As to how he will fit into the squad, he’s a bright personality, positive, highly intelliegent in a traditional and footballing sense, very dedicated to his football and deeply religious. He’s also obviously spent a while in France, which makes him perfectly suited to this Arsenal squad considering its makeup and the background of the players – and manager.

All in all, a solid signing. Expect a couple of missed sitters, a decent haul of goals (but not enough to outdo RVP) and an overall good contribution to the team. And excellent value at that price, even if he does have to do military service after the Olympics.*

 

*Korean players are excused form military service if they medal at the London Olympics. Park is a fairly safe bet as an overage player, and Korea do have a good crop of players in th right age range at the moment.

Posted in Arsenal, European football, Park Chu-young | Tagged: , , , , , , , , , , , | Leave a Comment »

Trouble for Ki Sung-yeung?

Posted by Seamus Walsh on April 13, 2010

Today Scotland’s Glasgow Celtic played out a 2-1 win against Motherwell in the Scottish Premier League at Celtic Park. In many ways it was an insignificant game. Celtic have first faltered and then essentially collapsed this season. New manager Tony Mobray was deemed a failure, and has since been replaced by former Celtic legendary player Neil Lennon. Celtic are 10 points behind fierce rivals Rangers in the league, and on Saturday they embarrassingly lost to Ross County in the cup.

These developments are even worse for South Korean player Ki Sung-yeung. He hasn’t played a single game for caretaker manager Lennon, not even featuring on the substitutes bench for the last three games. I’ve written before about what I think it will take for him to become successful in European football, especially in British football. Mostly, he needs to adjust to living in Scotland, then adjust to the style of football, the number of games played in the Scottish league (a lot more than in the K-League) and he needs to improve physically – he needs to get stronger and quicker. He has the talent, but it seems that Neil Lennon doesn’t think he’s ready or capable of helping Celtic improve on their poor season just yet.

Ki Sung-yeung needs to show Lennon what he's capable of

Lennon has also threatened a complete overhaul of the squad in the summer if performances don’t improve. What could this mean for Ki? With only a few games left, it’s hard to see him making much more of an impact this season as Lennon doesn’t seem to want to pick him at all. Mowbray was definitely a fan of the young midfielder, and gave him the responsibility of taking corners and some free kicks, as well as simply giving him game time. Ki is also not the first Korean player Mowbray had signed, as he also bought Kim Do-heon when he was manager of West Bromwich Albion.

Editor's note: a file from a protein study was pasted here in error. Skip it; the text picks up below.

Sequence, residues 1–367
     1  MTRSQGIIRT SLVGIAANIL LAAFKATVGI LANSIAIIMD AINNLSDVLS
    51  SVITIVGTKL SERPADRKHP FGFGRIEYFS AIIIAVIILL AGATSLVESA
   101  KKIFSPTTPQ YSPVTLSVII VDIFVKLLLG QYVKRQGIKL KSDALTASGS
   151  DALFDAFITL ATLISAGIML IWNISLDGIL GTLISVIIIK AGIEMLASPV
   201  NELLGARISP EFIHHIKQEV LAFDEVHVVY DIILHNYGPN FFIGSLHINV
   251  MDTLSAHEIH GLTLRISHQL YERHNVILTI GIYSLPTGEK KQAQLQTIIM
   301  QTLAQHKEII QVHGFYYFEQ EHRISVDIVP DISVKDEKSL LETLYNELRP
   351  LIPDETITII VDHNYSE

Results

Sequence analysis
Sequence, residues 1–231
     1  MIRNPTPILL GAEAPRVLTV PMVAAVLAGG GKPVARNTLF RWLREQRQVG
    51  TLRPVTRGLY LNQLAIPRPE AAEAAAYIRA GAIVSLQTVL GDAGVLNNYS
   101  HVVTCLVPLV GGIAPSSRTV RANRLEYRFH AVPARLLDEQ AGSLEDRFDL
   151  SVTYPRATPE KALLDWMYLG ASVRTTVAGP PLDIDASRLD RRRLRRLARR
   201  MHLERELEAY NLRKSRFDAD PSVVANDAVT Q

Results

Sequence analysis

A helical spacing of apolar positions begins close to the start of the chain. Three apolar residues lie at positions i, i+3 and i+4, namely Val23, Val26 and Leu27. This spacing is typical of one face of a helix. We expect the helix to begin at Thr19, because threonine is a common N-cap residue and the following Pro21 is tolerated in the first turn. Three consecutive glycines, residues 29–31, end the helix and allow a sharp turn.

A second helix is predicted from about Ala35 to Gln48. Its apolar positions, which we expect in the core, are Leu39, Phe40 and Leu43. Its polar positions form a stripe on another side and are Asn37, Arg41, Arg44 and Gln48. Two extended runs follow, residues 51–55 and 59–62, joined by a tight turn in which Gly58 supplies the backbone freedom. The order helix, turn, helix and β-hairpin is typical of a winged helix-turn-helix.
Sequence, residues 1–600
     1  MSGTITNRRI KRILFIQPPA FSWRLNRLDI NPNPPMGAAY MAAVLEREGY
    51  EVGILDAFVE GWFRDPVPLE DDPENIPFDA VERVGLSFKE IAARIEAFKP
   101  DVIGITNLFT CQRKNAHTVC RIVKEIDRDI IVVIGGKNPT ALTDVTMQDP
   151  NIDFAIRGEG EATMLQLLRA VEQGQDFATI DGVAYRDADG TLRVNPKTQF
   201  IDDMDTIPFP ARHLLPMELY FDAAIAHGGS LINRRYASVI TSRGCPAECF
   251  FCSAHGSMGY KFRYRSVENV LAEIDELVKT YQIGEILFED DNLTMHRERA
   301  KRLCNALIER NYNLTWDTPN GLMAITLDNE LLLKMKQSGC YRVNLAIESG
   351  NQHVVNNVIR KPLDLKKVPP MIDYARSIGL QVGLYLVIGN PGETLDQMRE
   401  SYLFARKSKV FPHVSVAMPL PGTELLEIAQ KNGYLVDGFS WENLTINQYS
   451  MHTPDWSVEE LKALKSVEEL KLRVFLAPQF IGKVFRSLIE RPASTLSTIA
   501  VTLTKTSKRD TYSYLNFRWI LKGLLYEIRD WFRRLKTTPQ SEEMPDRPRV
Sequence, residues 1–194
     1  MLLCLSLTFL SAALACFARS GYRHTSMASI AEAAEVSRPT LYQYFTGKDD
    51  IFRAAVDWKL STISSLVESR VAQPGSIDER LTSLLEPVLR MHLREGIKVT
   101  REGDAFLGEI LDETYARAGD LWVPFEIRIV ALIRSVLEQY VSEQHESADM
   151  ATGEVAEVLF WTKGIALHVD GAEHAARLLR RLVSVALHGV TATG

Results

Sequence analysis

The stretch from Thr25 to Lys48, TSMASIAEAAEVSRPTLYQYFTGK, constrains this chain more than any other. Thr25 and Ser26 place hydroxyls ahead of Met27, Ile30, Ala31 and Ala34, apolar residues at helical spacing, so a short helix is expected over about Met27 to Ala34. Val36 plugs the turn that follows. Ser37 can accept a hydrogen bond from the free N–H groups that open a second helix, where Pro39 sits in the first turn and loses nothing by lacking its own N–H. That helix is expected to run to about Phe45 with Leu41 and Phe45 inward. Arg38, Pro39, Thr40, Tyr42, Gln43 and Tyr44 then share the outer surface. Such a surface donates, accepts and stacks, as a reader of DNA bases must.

So, with Ki’s ally and perhaps mentor Tony Mowbray gone, how does he fit into Neil Lennon’s plans for the future, if Lennon stays as Celtic manager for next season, which hasn’t been decided yet. I think it’s very hard to say. If Lennon appreciates Ki’s talents, maybe he just doesn’t think he’s ready to play every match just yet. On the other hand, it’s possible he’s just not a fan of Ki and will want to sell him on.

Ki Sung-yeung in action

I said before that the Scottish League would certainly help Ki improve his game so he could compete in one of Europe’s bigger leagues – most likely the English Premier League, as this seems to be his preferred choice. I hope he keeps working hard to constantly improve, and to fight for the team. He’s talented enough to be starting in the Celtic midfield but it needs more than just talent at this level. If Celtic do decide to sell him in the summer, I desperately hope he doesn’t go back to Korea. He needs to play regularly in a European team. If, for example, a team from the English Championship wanted to sign him I think he should jump at the chance. Playing for a team in the Championship means there’s slightly less pressure than the Premiership, which means he can focus on his game without worrying that any mistake he makes could have huge consequences. It also means he will have more chances to play regularly. This is what he needs more than anything. I hope he gets given the chance soon.

One thing is for sure, though, if he doesn’t play every game for Celtic before the end of the season, he will be less tired than a lot of players when the World Cup starts in June, which can only be good for Korea.

Posted in European football, Ki Sung-yeung | Tagged: , , , , , | 7 Comments »

What do Korean players need to succeed in Europe?

Posted by Seamus Walsh on March 8, 2010

This is obviously a pressing issue for Korean football, and one which it looks like they’re getting closer to solving, with a number of players now having played in Europe. The first thing to note is that Korea has as much chance as any other country of producing top quality players. The reasons there have been so few are fairly obvious:

  • The domestic league has only been running for less than thirty years. The leagues in England and Italy are over a century old, with those in France, Spain and other countries approaching that.
  • The league only has 15 teams. Less teams means less players. Less players means less top quality players.
  • Education Fever. It’s well documented how important education is to building a future for kids in Korea. I worry that with so much pressure on them to study every hour of the day and night, less kids are getting a chance to play sport, or to follow their passion if the opportunity arises.